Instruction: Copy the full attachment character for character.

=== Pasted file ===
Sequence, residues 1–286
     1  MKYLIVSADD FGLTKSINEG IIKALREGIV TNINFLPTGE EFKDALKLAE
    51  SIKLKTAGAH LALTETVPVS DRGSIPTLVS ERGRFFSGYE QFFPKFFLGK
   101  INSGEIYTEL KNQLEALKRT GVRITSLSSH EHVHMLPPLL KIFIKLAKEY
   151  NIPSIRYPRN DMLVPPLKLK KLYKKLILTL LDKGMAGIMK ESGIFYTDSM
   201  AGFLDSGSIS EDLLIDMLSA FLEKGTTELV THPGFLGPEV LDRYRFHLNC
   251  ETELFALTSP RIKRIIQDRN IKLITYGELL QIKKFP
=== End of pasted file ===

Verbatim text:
Sequence, residues 1–286
     1  MKYLIVSADD FGLTKSINEG IIKALREGIV TNINFLPTGE EFKDALKLAE
    51  SIKLKTAGAH LALTETVPVS DRGSIPTLVS ERGRFFSGYE QFFPKFFLGK
   101  INSGEIYTEL KNQLEALKRT GVRITSLSSH EHVHMLPPLL KIFIKLAKEY
   151  NIPSIRYPRN DMLVPPLKLK KLYKKLILTL LDKGMAGIMK ESGIFYTDSM
   201  AGFLDSGSIS EDLLIDMLSA FLEKGTTELV THPGFLGPEV LDRYRFHLNC
   251  ETELFALTSP RIKRIIQDRN IKLITYGELL QIKKFP